Xbox, with the utmost gall, shadow-dropped Halo Infinite early. To almost no one's surprise, it's fun. Halo Infinite, which is free for anyone on Xbox and PC, is also a smash hit with over 200,000 players online at one time on Steam alone.
Despite such a huge success, fans are growing upset over Infinite's lackluster Battle Pass progression system. It sucks.
The early release comes in the form of a beta, but this is virtually the "launch" of Halo Infinite's multiplayer. 343 Industries managed to perfect many of the systems that make Halo multiplayer good: gunplay, movement, maps, and time-to-kill have all been finely tuned to make for one of the most solid first-person-shooter experiences of the year. So what's wrong with Infinite's progression?
For starters, Halo Infinite hardly has a "progression" system at all. The only form of "rank" comes from Infinite's Battle Pass system, an industry standard that provides players with rewards for their time playing each season. Halo Infinite's first season, "Season 1: Heroes of Reach," consists of many genuinely cool armor pieces -- including individual sets for each Noble team member. The caveat here is that the Battle Pass costs $10, which is fair considering Halo Infinite's multiplayer is otherwise free-to-play. The second cost is your time. A lot of time.
Leveling Through Challenges
When the only way to level up your Battle Pass is through random, occasionally luck-based challenges, there's a clear problem with your experience system. The daily challenge changes every 24 hours and can be as simple as playing a few matches of Infinite. These challenges give anywhere from 100 to 250 XP, which contributes to your Battle Pass level. The issue is the fact that it takes up to 1,000 XP to level up once, meaning it would take ten daily challenges or various weekly challenges to level up once.
This system's flaws are exposed even further when a challenge you get is hard to accomplish due to the random chances of the requirements. A challenge like "Grapple-Jack" requires you to use the grappling hook on a vehicle and hijack it. Easy enough, if you can find a grappling hook and happen to be playing a game mode with vehicles.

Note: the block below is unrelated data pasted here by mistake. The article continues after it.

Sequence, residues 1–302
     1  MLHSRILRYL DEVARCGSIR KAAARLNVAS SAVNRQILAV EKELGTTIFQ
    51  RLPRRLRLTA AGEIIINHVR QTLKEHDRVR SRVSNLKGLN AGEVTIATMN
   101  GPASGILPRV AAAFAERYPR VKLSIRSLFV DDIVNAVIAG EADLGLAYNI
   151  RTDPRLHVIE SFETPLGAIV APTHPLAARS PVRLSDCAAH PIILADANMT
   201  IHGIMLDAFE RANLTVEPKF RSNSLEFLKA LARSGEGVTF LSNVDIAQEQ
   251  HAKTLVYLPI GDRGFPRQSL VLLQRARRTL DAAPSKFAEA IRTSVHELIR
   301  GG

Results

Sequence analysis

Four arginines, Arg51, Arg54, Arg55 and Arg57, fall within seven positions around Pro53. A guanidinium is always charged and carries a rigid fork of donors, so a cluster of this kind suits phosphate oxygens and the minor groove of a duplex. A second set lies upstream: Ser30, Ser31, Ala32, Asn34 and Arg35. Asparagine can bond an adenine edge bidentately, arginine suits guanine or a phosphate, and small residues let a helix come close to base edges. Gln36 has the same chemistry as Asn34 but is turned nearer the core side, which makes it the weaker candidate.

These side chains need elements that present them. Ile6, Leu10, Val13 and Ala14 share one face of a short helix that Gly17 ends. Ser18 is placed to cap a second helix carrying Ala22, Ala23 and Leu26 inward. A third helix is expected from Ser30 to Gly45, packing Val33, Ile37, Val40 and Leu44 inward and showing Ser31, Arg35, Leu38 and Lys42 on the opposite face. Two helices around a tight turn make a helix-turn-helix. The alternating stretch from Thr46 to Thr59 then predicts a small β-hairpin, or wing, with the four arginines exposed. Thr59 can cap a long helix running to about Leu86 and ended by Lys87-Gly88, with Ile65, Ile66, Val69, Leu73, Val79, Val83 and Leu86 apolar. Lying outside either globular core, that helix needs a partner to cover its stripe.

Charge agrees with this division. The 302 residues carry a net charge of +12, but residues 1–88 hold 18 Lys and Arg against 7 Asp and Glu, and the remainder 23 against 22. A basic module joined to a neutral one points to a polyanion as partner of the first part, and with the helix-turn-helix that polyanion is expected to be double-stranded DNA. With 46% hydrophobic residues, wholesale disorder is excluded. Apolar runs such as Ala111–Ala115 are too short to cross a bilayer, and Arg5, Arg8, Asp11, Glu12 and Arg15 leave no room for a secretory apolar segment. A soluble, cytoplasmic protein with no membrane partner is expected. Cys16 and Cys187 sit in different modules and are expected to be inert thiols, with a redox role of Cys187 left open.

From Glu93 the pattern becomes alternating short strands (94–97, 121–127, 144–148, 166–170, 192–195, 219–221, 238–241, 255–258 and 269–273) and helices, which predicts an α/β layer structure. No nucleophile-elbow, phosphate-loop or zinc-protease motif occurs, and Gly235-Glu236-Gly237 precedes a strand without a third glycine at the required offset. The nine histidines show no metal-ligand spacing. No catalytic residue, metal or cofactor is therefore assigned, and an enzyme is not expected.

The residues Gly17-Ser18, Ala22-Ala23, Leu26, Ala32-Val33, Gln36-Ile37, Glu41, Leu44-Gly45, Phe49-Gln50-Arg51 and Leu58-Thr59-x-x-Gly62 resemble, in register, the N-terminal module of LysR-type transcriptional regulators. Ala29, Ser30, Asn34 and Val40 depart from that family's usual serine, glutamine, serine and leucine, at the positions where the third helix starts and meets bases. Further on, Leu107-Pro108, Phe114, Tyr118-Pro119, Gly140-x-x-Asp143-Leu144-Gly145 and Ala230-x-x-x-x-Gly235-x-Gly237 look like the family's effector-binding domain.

The same goes for challenges involving using a specific weapon. The "Spike Drop" challenge requires players to get a single kill in multiplayer using the Mangler weapon. This, once again, isn't insanely difficult to accomplish -- as long as the circumstances allow it. If you're unlucky with getting maps that have Mangler spawns, you'll have to keep playing until you do find one. On top of that, each kill, capture, and victory means nothing for your Battle Pass level.
Lack of Incentive
Instead of playing the game regularly and focusing on winning the match, I find myself going into Halo Infinite games with my challenges in the back of my head. Sometimes, I tunnel vision these challenges, which can be a sharp detriment to my performance. If I don't do this, though, I'm not leveling, because the game neglects to award me for my good performance. It wants to reward me for menial tasks. This isn't how I've been conditioned as a gamer, and it shakes me to my core.
In other first-person shooters, I can go about playing any game mode and be rewarded for my time. Other types of challenges aren't completely randomized, like in Call of Duty, where I can complete weapon challenges that grant both aesthetic camouflage and XP. Call of Duty also gives me XP for winning matches, getting kills, and capturing points. It's baffling how 343 missed this mark and decided to force randomized, occasionally derivative challenges.
There's nothing wrong with a Battle Pass system, especially as a free-to-play monetization method, but it isn't enough to replace any genuine leveling or ranking system that prior games have had. Previous Halo games offered leveling through just playing the game. Halo Reach gave players experience in the form of Credits. These Credits were granted after any game mode, whether it be a multiplayer match, forge game, or campaign mission. These Credits changed player rank through a system that would help identify how much time they had in a game. It also displayed their rank on their profile, which is fairly standard in other first-person shooters. As redundant as it may seem, being able to acquire new ranks is an important motivation to play the game. I want to show off my shiny new badge, OK?
The cards are in 343's hand. All hope is not lost, as Halo Infinite is currently in beta, so there is plenty of room for improvement. Joseph Staten, the Head of Creative at 343 Industries, tweeted today about the progression system, so don't grab your pitchforks just yet -- change could be coming soon. Beyond this glaring issue, Halo Infinite's surprise launch has gone surprisingly well for Xbox. With little server issues and a massive concurrent play count, it's safe to say Halo Infinite's surprise launch is succeeding.